All-cause healthcare costs were compared between the balanced cohorts using weighted two-part regression models. In addition, cost analyses were also performed between the ADHD-only cohort and each of the comorbidity subgroups (i.e., ADHD+only anxiety, ADHD+only depression, and ADHD+both anxiety and depression) to assess the excess cost burden attributable to the respective comorbid conditions.

All analyses were performed using SAS Enterprise guide 7.1 and Stata 16.

Results

Sample size

A total of 270,954 patients met the cohort-specific inclusion criteria, including 204,723 patients in the ADHD-only cohort and 66,231 patients in the ADHD+anxiety/depression cohort. Stratified by comorbid conditions, 41,992 patients were included in the ADHD+only anxiety subgroup, 14,054 in the ADHD+only depression subgroup, and 10,185 in the ADHD+both anxiety and depression subgroup (Supplementary FigureS1).

Baseline patient characteristics

Demographic and clinical characteristics were well balanced between the reweighted cohorts (Table 1). Mean patient age was 11.9 years, and the majority were male (72.8%) and had combined inattentive and hyperactive ADHD type (56.2%). The proportion of patients with baseline psychiatric and physical comorbidities were overall higher in the ADHD+anxiety/depression cohort than the ADHD-only cohort. Apart from anxiety and depression, the most prevalent psychiatric comorbidities with a standardized difference of > 0.10 between the cohorts included neurodevelopmental disorders other than ADHD (ADHD-only vs. ADHD+anxiety/depression: 7.8% vs. 20.7%), trauma- and stressor-related disorders (5.7% vs. 15.4%), and disruptive, impulse-control, and conduct disorders (4.7% vs. 15.9%). The most prevalent physical comorbidity with a standardized difference > 0.10 between the cohorts was cardiac arrhythmias (ADHD-only vs. ADHD+anxiety/depression: 1.8% vs. 3.7%).

Table 1 Patient demographic, clinical, and treatment characteristics of weighted cohorts

Although the majority of patients received stimulants as the index treatment in both cohorts, the proportion of patients who received non-stimulants was observed to be numerically higher in the ADHD+anxiety/depression cohort (22.7%) than in the ADHD-only cohort (10.2%); similar trends were observed during the baseline period (Table 1). Furthermore, more patients in the ADHD+anxiety/depression cohort than the ADHD-only cohort received antianxiety agents or antidepressants, or had psychotherapy or specialist visits, during the baseline period.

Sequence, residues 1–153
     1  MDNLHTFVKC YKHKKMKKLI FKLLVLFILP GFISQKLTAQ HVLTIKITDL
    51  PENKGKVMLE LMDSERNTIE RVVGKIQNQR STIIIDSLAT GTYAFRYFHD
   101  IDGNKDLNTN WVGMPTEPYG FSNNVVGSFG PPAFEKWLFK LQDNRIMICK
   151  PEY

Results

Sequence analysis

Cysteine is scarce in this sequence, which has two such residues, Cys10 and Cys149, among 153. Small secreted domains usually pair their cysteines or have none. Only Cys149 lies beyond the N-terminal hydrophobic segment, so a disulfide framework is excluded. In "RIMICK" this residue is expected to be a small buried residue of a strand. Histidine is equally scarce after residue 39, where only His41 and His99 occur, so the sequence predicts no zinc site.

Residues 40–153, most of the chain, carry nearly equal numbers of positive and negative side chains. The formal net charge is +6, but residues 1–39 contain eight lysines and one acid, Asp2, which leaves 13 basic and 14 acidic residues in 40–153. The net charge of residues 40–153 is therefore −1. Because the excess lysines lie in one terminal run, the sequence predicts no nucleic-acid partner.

HRU

During the study period, rates of all-cause HRU were significantly higher in the ADHD+anxiety/depression cohort than in the ADHD-only cohort, with an incidence rate ratio of 10.3 for inpatient admissions, 1.6 for emergency room visits, 2.3 for outpatient visits, 5.3 for specialist visits, and 6.1 for psychotherapy visits (all p < 0.001; Fig. 1).

Fig. 1
figure 1

All-cause HRU during the 12-month study perioda. ADHD, attention-deficit/hyperactivity disorder; CI, confidence interval; IR, incidence rate; IRR, incidence rate ratio; PPPY, per-patient-per-year. *Statistically significant at the 0.1% level. aThe ADHD+anxiety/depression cohort comprised patients with ADHD+only anxiety, ADHD+only depression, and ADHD+both anxiety and depression

Healthcare costs

Compared with the ADHD-only cohort, the mean all-cause healthcare costs PPPY were more than twice as high in the ADHD+anxiety/depression cohort ($3,988 vs. $8,682; mean difference: $4,695), driven by differences in both medical and pharmacy costs (all p < 0.001; Fig. 2).

Fig. 2
figure 2

All-cause healthcare costs during the 12-month study perioda. ADHD, attention-deficit/hyperactivity disorder; MD, mean difference; PPPY, per-patient-per-year; USD, United States dollar. *Statistically significantly different than the ADHD-only cohort at the 0.1% level. aThe ADHD+anxiety/depression cohort comprised patients with ADHD+only anxiety, ADHD+only depression, and ADHD+both anxiety and depression

Among the subgroups of patients with ADHD, the mean all-cause healthcare costs PPPY were $7,309 among those who had only anxiety, $9,901 among those who had only depression, and $13,785 among those who had both anxiety and depression (all p < 0.001; Fig. 3), translating to 1.8, 2.5, and 3.5 times higher excess healthcare costs compared with those who had ADHD only.

Fig. 3
figure 3

All-cause healthcare costs during the 12-month study period– subgroup analysis. ADHD, attention-deficit/hyperactivity disorder; MD, mean difference; PPPY, per-patient-per-year; USD, United States dollar. *Statistically significantly different than the ADHD-only cohort at the 0.1% level

Discussion